In the first of a new series of behind-the-scenes interviews with people who exemplify the Barnes & Noble College brand, we talk to Joel Friedman, Vice President and Chief Merchandising Officer, about creativity in the workplace, social awareness and a love of history.
How would you characterize your role at Barnes & Noble College?
Creativity is probably one of the most essential qualities in any company, and I hope to be a motivator for my team — to help drive the creativity of the people I work with here — and to provide a vision that they can run with.
What was your first job?
Well, the first actual money I ever made was vending Cokes at the University of Maryland football games. I was underage, so I never knew if they’d give me a seller’s license for the day, but I’d earn $20 by the end of halftime, which was my secondary goal. That way, I could sit and watch the second half of the game for free, which was my primary goal. I was and still am a sports junkie, you know.
How do you think the merchandise function informs the idea of the college bookstore as a social hub for our campus partners?
A key reason why Barnes & Noble College is viewed as a credible retailer has to do with the strong emphasis we place on the collaboration and participation of the home office with our local store management. You walk into one of our stores and it doesn’t look like a corporate store. It looks like it belongs to the campus — which it should.
Why is a sense of social consciousness and responsibility particularly important for companies wanting to attract a Millennial audience?
I think it’s important for any company, but you’ve just got to be in step with who your customer is what their expectations are. You’ve also got to have the desire and ability to back it up with how you run your business; if it’s just a marketing tactic, then they’ll see right through you.
Do you see discernible shifts in consumer buying habits in favor of retailers or manufacturers who advocate fair labor or sustainability initiatives?
It’s not so much about their buying habits as it is about their perception that their campus bookstore is doing the right things and offering assortments and services that they can be proud of. Our constituencies take a personal attachment to how their bookstore operates.
Are there any specific global developments — living wages or environmental concerns, for example — that are likely to impact company supply chains, and consequently U.S. consumers?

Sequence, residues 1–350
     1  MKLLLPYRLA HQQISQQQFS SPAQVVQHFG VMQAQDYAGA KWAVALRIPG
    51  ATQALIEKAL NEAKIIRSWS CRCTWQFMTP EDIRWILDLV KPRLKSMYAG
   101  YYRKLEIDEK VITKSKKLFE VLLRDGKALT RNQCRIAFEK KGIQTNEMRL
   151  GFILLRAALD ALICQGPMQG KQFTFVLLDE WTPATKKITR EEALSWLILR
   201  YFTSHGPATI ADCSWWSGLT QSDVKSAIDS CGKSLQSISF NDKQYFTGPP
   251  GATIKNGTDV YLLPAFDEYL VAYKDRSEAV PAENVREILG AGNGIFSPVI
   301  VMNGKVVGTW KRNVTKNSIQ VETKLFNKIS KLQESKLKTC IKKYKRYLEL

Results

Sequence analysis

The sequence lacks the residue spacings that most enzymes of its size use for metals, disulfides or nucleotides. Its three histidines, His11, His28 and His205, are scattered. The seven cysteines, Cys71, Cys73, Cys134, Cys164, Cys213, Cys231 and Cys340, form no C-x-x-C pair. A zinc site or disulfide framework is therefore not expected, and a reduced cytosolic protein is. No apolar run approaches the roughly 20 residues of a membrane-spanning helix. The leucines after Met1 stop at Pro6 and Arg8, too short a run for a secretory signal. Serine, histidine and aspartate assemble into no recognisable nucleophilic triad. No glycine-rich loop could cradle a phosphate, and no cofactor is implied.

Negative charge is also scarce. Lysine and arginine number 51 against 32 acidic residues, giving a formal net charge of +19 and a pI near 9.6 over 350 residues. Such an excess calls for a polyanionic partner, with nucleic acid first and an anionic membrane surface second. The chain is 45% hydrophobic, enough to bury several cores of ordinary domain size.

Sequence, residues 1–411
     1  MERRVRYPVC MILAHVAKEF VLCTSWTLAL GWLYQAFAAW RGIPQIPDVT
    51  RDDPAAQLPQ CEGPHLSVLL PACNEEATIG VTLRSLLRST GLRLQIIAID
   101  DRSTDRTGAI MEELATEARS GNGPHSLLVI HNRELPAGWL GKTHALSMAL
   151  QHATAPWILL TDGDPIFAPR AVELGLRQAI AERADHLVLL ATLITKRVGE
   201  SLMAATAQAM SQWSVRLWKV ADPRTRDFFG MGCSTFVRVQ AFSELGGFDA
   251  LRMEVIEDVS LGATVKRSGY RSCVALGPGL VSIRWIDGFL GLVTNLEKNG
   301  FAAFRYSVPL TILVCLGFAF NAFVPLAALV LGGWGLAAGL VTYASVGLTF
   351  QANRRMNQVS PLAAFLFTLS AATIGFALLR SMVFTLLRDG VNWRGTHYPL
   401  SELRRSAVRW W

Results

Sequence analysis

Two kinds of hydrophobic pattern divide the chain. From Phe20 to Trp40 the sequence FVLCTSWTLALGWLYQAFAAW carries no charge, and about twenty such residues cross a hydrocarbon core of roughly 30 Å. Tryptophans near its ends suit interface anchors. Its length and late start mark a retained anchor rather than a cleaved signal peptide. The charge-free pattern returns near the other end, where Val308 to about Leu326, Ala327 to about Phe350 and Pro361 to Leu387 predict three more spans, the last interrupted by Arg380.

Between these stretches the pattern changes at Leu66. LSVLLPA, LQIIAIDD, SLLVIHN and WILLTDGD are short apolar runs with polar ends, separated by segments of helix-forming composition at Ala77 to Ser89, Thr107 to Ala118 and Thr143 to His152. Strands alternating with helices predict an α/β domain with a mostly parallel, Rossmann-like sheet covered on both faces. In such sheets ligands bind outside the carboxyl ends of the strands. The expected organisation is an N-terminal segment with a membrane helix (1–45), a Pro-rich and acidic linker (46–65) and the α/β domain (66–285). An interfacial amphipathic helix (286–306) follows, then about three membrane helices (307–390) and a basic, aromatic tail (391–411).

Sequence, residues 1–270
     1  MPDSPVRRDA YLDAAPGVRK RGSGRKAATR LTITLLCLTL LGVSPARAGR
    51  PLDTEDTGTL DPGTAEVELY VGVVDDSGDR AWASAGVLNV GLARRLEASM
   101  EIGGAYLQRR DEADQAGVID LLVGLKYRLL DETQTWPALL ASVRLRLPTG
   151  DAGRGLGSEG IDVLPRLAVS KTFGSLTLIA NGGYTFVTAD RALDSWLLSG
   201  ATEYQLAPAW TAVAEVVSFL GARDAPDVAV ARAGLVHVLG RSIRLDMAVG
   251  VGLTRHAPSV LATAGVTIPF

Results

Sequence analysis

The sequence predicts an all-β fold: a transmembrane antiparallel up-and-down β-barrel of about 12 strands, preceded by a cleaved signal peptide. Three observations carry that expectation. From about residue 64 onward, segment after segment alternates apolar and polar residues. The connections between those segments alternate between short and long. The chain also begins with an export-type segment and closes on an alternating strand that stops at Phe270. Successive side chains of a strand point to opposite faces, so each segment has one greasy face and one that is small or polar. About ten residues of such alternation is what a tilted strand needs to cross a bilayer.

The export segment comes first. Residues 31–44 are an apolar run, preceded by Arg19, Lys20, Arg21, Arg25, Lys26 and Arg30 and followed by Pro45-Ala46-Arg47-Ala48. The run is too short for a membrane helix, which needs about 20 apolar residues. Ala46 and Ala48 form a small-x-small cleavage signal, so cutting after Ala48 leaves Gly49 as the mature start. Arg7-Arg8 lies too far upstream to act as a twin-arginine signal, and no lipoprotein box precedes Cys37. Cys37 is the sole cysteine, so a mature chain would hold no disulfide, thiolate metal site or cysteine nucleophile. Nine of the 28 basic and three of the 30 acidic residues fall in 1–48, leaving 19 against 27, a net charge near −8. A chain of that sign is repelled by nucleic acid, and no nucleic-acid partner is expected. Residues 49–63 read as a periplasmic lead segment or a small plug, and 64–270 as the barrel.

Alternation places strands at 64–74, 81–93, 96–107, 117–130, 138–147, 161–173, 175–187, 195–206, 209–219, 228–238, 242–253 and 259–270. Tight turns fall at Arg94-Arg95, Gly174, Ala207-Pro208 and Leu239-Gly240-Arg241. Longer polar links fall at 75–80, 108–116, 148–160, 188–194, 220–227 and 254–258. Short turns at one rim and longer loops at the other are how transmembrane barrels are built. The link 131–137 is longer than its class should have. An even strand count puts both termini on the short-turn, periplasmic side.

Absolutely! But it also depends on the merchandise category being considered. In apparel, as an example, the world’s resources of water, energy, and labor continue to be a source of concern. And the consuming public has never been one to allow for much retail price elasticity in the apparel sector. That’s why we try and separate our assortments into what customers want versus what they need. If we are right with our assortments on wanted fashion and trend-oriented product, price becomes less of an issue — especially when we combine that with vendors who are positive examples of how they are treating their labor force and have a successful sustainability program to properly use the earth’s resources.
In what ways do you see the college bookstore evolving?
It has to be able to continually change and update itself. Nothing stays the same — nothing.
As both an online and in-store retailer, do you agree with those who suggest shopping on the web has peaked? Do you see a desire by consumers to return to the store experience and shop as more than a purely transactional one?
I couldn’t disagree more. The web business continues to grow at an accelerated rate for us. I don’t see that slowing for us anytime soon. But the fact that we can also fulfill from within our four walls creates a unique advantage for us. We can sell to anyone, anytime of the day, both locally, from a distance, internally, or externally while we coordinate a desired shopping experience in any of those formats. Having an online and brick-and-mortar presence is a tremendous advantage for us.
Biggest challenge in higher education today?
Not listening to the prognosticators. They’re usually one or two steps removed from the reality and nine times out of ten, they’re going to get it wrong.
What would you be doing it you weren’t doing this?
I’d be a chef, hopefully with my own restaurant somewhere. I just love to cook.
I read a lot of non-fiction, especially political history. I didn’t have the opportunity to read much as a kid, so you could say I’m making up for lost time.
Digital or hard copy?
Only hard cover. I have to touch and feel the pages.